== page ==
The prospect of Iranian intervention in the Iraq crisis threatens to turn Iraq into a bloody battleground between Sunnis and Shiites.
Spurred by threats against Shia holy sites in southern Iraq, Iranian President Hassan Rouhani announced on Thursday his country was prepared to wage “combat” to repel the jihadist group known as the Islamic State of Iraq and the Levant (ISIL), which is currently sweeping across north and central Iraq.
Indeed, two battalions of the elite Quds Forces from Iran are reported by the Wall Street Journal already to have been deployed to help the Iraqi Army deal with the militant forces.
In a speech on Thursday, Mr. Rouhani drew a line in the sand. “The Islamic Republic of Iran will not tolerate this violence and we will not tolerate this terror,” he said. “We will fight and combat violence, extremism, and terrorism in the region and the world.”
Iran was responding to threats issued by ISIL spokesman Abu Mohammed al-Adnani, who vowed that the jihadists, who have chalked up several conquests in Iraq from Mosul to Tikrit, would not stop there but press on to Baghdad and to Najaf and Karbala, site of the two most important Shia shrines, which millions of pilgrims visit every year.
“We have a score to settle,” Mr. al-Adnani said in a video statement, urging on the ISIL fighters. And the score must be settled with the Shiites.
A senior security official of Iran, a Shia state, elaborated on Mr. Rouhani’s message, accusing Saudi Arabia of being behind the ISIL campaign. The Saudis, he said, are trying to take revenge in Iraq for their failure to oust President Bashar al-Assad in Syria. In an interview with the independent Al Mayadeen satellite news channel, the unnamed official said the Saudis “will feel the heat soon.”
Simon Henderson, an expert on Saudi Arabia at the Washington Institute for Near East Policy, agrees with the analysis. ISIL’s attack on Iraq “reflects the wider war between Shiites and Sunnis for control of the Middle East,” he said.
In a paper published on Thursday, entitled The Battle for Iraq is a Saudi War on Iran, Mr. Henderson noted that ISIL’s defeat of Iraqi Prime Minister Nouri al-Maliki’s forces “has been the dream of Saudi Arabia’s King Abdullah for years. He has regarded [al-]Maliki as little more than an Iranian stooge,” refusing to send an ambassador to Baghdad and encouraging other Gulf States to do likewise.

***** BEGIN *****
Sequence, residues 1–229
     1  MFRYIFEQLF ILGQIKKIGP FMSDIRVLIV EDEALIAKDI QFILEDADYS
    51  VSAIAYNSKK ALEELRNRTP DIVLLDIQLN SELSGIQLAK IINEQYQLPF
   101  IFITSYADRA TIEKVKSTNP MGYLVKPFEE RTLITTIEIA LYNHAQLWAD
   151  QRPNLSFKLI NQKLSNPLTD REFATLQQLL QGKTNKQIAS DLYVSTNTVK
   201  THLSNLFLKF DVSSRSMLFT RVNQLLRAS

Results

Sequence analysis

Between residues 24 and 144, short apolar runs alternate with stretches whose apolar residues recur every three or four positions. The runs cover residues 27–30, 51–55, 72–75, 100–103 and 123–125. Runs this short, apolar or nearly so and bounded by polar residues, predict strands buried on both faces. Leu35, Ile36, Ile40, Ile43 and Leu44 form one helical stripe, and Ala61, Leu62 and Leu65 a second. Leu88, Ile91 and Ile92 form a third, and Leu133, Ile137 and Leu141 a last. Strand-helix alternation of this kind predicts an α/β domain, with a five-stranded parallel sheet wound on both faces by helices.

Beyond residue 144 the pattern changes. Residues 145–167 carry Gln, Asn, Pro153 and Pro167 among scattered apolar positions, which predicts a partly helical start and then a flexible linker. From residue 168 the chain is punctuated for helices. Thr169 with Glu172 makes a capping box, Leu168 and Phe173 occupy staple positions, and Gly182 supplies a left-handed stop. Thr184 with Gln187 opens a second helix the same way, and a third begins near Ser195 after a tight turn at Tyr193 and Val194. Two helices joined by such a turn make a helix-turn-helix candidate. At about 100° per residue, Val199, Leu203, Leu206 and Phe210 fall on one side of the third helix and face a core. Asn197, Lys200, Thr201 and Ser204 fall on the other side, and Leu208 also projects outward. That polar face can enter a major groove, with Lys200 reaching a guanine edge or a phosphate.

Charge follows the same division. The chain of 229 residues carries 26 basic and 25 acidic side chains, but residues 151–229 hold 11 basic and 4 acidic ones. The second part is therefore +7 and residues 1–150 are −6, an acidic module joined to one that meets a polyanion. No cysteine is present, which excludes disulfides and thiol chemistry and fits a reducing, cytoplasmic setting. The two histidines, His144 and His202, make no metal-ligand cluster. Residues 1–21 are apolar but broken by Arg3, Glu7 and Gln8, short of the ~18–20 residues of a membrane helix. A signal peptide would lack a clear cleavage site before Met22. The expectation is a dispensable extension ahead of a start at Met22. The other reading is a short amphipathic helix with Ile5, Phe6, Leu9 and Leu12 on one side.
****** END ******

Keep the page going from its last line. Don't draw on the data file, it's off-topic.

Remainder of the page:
The trouble, Mr. Henderson says, is that ISIL “is a ruthless killing machine, taking Sunni contempt for Shiites to its logical, and bloody, extreme.” As such, it is very likely that Iran will be drawn in to fight it, he writes, almost certainly by deploying elements of the Revolutionary Guards, such as the Quds Force, as they were in Syria to stop ISIL and other opponents of Mr. al-Assad.
If they deploy into Iraq and take the fight into the Sunni parts of the country, analysts agree, they will ignite a sectarian civil war.
“It will be just like 2005,” Michael Knights, an Iraq analyst at the Washington Institute, said in reference to the outbreak of sectarian violence during the U.S. occupation of Iraq, a conflict that killed tens of thousands.
“They will bring all the Sunnis together against the common Shia enemy,” said Bill Roggio, editor of the Long War Journal in Washington.
There are signs that a lot of Iraqi Sunnis already are welcoming the jihadists. Reports on Thursday indicated that part of the reason ISIL conquered so many Iraqi towns so quickly was the friendly response it received in many Sunni communities.
Former Baathists from the time of Saddam Hussein are reported to be fighting alongside the jihadists as they drive the Shia-led Iraqi security forces from the Sunni heartland.
Some Iraqi soldiers who deserted their posts told people they had received phone calls from commanding officers ordering them to surrender.
If Iranian forces are introduced into this Sunni heartland to stop the jihadists, even more Sunnis are likely to be driven into ISIL’s arms and the war will be on.
Meanwhile, Iraqi Kurds have taken action to protect their interests in the north of the country. On Thursday, the Kurds’ battle-trained militia known as the Peshmerga took control of oil-rich Kirkuk. Long coveted as the Kurds’ historic capital, Kirkuk also is claimed by Arab Iraqis, who insist the city and its oil fields should not be within the autonomous Kurdistan Regional Government.
Kurdish officials said that forces of the central government had abandoned the city and its surroundings and that the Peshmerga moved in only to safeguard it all.
The question is: For whom, exactly are they safeguarding it?